The Internet is filled with righteous indignation after reports that a Maryland woman was denied Communion at her mother's funeral because she is a lesbian.
Former Catholic school teacher Barbara Johnson says she wants the Rev. Marcel Guarnizo, who was presiding over the service, out of pastoral work after he publicly humiliated her in citing her homosexuality as a reason for denying her the sacrament, according to HLN affiliate WUSA.
“He put his hand over the body of Christ and looked at me and said, ‘I can’t give you Communion because you live with a woman, and in the eyes of the church, that is a sin,’" she told the Washington Post.
An online petition seeks a personal apology to Johnson from Cardinal Donald Wuerl, the Archbishop of Washington, D.C, and demands that he oust Guarnizo.
In a statement obtained by HLN, the archdiocese said its policy on determining communion qualifications is not to “publicly reprimand” anyone:
“When questions arise about whether or not an individual should present themselves for communion, it is not the policy of the Archdiocese of Washington to publicly reprimand the person. Any issues regarding the suitability of an individual to receive communion should be addressed by the priest with that person in a private, pastoral setting."
The archdiocese said it was “looking into the incident” and “will handle this as a personnel issue.”
But that response didn't exactly quell the anger of the interwebs faithful on Wednesday, who were especially vexed at the way Guarnizo reportedly acted out during a parishioner's most vulnerable time. Guarnizo not only reportedly left the altar while Johnson eulogized her mother, but the priest stood the family up at the grave site, she has said.
Defenders of the priest say he was just upholding Canon 915, which forbids practicers of grave sin to receive the sacrament. But there are critics of such a broad interpretation.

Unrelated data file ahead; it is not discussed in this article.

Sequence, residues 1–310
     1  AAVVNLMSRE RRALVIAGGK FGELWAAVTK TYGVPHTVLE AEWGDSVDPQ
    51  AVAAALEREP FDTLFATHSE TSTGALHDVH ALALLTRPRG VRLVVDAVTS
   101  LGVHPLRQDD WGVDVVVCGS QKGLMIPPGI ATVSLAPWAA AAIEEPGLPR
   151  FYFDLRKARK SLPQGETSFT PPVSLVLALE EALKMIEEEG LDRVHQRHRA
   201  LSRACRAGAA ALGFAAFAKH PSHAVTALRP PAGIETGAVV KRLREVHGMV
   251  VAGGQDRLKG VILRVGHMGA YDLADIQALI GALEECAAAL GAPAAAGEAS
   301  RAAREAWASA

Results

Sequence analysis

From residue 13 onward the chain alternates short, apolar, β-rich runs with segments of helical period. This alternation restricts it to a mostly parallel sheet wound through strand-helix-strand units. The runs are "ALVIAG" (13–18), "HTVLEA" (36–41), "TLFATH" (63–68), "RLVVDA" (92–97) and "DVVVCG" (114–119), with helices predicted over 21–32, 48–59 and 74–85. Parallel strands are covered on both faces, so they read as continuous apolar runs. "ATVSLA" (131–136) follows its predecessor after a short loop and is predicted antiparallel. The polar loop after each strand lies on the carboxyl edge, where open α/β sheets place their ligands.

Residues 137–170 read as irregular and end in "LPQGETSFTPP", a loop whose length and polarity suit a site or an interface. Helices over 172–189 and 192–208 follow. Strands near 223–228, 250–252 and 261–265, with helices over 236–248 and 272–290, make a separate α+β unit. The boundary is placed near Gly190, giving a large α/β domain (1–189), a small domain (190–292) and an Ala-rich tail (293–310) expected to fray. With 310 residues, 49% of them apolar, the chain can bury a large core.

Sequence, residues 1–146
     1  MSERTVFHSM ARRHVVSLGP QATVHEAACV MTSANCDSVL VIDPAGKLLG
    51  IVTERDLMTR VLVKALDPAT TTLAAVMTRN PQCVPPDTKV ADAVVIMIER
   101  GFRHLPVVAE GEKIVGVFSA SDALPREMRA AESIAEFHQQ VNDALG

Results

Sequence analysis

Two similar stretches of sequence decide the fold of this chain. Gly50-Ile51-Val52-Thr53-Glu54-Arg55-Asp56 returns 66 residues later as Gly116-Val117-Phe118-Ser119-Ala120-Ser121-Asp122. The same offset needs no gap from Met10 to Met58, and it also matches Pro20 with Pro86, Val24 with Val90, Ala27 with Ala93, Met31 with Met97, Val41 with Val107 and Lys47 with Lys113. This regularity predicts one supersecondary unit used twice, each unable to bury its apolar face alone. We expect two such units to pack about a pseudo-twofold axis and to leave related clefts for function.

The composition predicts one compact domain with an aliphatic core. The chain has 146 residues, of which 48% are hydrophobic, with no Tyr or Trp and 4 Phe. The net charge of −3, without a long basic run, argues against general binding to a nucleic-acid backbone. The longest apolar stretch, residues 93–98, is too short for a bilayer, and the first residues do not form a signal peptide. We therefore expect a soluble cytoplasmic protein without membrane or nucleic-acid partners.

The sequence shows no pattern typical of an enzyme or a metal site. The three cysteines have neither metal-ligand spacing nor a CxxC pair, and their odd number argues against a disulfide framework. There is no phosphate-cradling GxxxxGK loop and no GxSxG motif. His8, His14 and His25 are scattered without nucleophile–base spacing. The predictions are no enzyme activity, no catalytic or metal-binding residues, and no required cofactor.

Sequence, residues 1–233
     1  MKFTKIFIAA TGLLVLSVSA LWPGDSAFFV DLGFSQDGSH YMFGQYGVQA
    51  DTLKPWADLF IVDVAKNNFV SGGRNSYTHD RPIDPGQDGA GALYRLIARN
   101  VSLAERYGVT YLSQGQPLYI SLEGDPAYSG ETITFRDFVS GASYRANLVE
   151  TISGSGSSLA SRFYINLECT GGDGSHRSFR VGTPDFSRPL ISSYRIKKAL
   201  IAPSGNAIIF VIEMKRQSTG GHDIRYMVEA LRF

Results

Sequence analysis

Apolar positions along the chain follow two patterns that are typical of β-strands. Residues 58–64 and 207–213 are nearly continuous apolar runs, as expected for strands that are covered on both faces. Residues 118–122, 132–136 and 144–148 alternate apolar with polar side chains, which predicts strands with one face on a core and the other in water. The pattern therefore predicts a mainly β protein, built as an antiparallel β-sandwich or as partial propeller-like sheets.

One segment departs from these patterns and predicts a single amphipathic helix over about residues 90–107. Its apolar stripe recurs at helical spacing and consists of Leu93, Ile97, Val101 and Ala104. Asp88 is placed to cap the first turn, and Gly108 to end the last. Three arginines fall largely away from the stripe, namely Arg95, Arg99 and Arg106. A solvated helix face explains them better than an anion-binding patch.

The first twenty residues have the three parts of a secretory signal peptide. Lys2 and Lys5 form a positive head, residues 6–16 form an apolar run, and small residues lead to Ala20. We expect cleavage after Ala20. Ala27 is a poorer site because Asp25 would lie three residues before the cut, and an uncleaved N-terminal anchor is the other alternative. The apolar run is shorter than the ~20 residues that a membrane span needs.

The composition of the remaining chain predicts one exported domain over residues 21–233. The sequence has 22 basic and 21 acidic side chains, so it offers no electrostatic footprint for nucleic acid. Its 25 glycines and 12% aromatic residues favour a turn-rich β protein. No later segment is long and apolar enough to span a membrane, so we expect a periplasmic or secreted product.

On his blog, In the Light of the Law, canon lawyer Edward N. Peters says that “Now, out of nowhere, Canon 915 is being invoked by some as justification for an action that, reading the facts as alleged in the light most favorable to the minister, would not have justified his withholding holy Communion from the woman in question."
A blogger for Washington DC Catholic castigated Johnson for even showing up. "If, as Barbara Johnson says that she is a 'lifelong Catholic,' then she should have known that her relationship is sinful, that she was not in a state of grace, and SHOULD NOT have presented herself before the priest for Holy Communion."
On the blog for Truth Wins Out, a gay advocacy group, John Becker wrote: "The Eucharist to Catholics -- is sacred to LGBT and non-LGBT Catholics alike, who believe it to be the body of Christ. To use it as a weapon of punishment against LGBT people who have the courage to live and love openly and true to themselves is nothing short of reprehensible."
Johnson did receive a letter of apology from an archdiocese administrator. The Rev. Barry Knestout wrote that he was "sorry that what should have been a celebration of your mother’s life, in light of her faith in Jesus Christ, was overshadowed by a lack of pastoral sensitivity,” according to the Post.
HLN readers, what do you think? Was the priest unnecessarily cruel in denying Johnson the Communion? Or was he simply shepherding his flock?